So the benefit of not being in realbody for this symposium, aside from the ‘no pants’ option Andy has kindly laid out to us, is that those of us in completely non-synced time-zones can get onboard and see these unique and talented makers talk about their works when it’s convenient for us. For a price that’s about a third of the usual dirt-cheap SMG Symposium sign-up fee. Huzzah! COVID-19 can’t take all our fun 🙂
And so, I will get up at 7am next Sunday and while still bleary-eyed make myself an early morning mimosa, to toast all of my friends at the Zoom Happy Hour. Feel free to join me!
(And don’t let it slip, when I tell them it was all great, that I won’t be watching them speak until later that day. Ssshhhh…)
A call-for-entry for the jewellers of the world with something to say.
For all y’all who saw the Ring Smackdown on the Danaca Design Instagram feed earlier this year, you can phase out for a minute. You need no introduction to the exhibition concept that I’m about to try and explain. You can just head to Dana’s gallery site and enter your statement piece and wait for your jewel to hit the Instagram feed and have it reign supreme or be bundled out of the competition in early voting. It’s democracy – no shame in losing as there’s lots of amazing artists out there with lots to say and time to spend sayin’ it right now.
For those who that last paragraph was a bit of a head-shaker, here I go…
1/ you enter your jewellery work appropriate to the theme* into the show by October 5th, Pacific time, with a retail price under $1600 USD and nominating a charity to receive 1/2 the sales price when you sell the piece
2/ get through jurying by the esteemed Keith Lewis and Nancy Megan Corwin (love both of them, great makers, teachers and humans)
3/ watch your piece come up against a reasonably matched piece on Instagram, then convince the internet to vote for it
4/ repeat as your piece goes through different rounds and ends up in the quarter finals, the semis and then THE FINALS!
5/ Win a democratic election backing a candidate that intrinsically means something to you! And/or sell the work, benefit a great cause, get a little cash in your pocket and send the piece off to its new home 😉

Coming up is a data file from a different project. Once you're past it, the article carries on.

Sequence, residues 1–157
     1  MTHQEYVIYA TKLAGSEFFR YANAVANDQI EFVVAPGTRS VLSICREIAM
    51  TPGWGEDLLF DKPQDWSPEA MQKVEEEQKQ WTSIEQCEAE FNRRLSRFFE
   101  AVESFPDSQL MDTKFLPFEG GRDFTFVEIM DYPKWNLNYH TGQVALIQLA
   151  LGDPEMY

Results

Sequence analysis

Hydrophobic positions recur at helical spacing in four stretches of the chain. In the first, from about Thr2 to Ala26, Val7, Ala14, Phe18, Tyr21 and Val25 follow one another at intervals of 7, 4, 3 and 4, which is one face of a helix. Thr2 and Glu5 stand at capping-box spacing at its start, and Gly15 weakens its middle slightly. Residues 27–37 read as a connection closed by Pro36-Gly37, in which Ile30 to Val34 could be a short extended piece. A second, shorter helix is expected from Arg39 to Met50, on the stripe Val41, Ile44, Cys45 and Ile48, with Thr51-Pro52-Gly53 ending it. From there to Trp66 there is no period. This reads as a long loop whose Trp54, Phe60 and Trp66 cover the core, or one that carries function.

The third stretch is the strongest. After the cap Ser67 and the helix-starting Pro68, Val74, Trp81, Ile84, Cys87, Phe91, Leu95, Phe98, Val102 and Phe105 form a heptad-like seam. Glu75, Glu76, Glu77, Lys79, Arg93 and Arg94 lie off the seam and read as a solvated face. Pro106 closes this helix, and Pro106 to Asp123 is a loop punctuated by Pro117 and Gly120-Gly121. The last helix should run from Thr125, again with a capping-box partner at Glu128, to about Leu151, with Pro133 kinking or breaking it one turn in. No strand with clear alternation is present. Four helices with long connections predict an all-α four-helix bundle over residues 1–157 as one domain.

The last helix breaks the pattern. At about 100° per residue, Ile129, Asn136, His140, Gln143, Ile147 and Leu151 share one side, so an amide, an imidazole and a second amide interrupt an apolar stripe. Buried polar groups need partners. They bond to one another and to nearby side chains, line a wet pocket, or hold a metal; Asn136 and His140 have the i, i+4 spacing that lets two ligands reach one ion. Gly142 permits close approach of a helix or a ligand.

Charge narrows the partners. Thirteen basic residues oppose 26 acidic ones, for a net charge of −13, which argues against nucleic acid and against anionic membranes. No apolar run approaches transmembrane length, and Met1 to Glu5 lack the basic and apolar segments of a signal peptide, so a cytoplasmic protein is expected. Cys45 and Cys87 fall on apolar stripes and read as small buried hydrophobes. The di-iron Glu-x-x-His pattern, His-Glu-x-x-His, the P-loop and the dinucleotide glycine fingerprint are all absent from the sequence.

*STATE│meant is an opportunity for you to speak out on challenging subjects that are significant to you, with a powerful piece of statement jewelry. Two jurors will select a minimum of 30 pieces, in six categories: brooches, earrings, necklaces, bracelets, rings, and headpieces. The selected work is to be sold in our online gallery in support of the non-profit group of the artists’ choosing. Starting in mid-October, each piece will compete on Instagram for best in category and ultimately best in show. The competition will be by popular vote and with the winner announced November 4, 2020. No electoral college here… These are unprecedented times…got something to say about it? Now is your chance!
Bridget Kennedy Project Space, like all galleries around the country, is slowly getting back into the swing of things post COVID-19 lockdown(s). I guess we’re all taking it slow and doing the right thing for our community by keeping away from crowds – where we’re allowed. That has meant not going to exhibition openings, restaurants, the gym and practically all non-essential stores, and that our thumbs – thanks social media – have been the only things getting a real workout.
But luckily I’m in a place that is doing ok – in fact I’ll be heading to an opening tonight – and Bridget is also in a place that is gradually seeing the end of a few little COVId-19 outbursts, and since we’re going into summer we’ve decided it’s time for a little cautious optimism!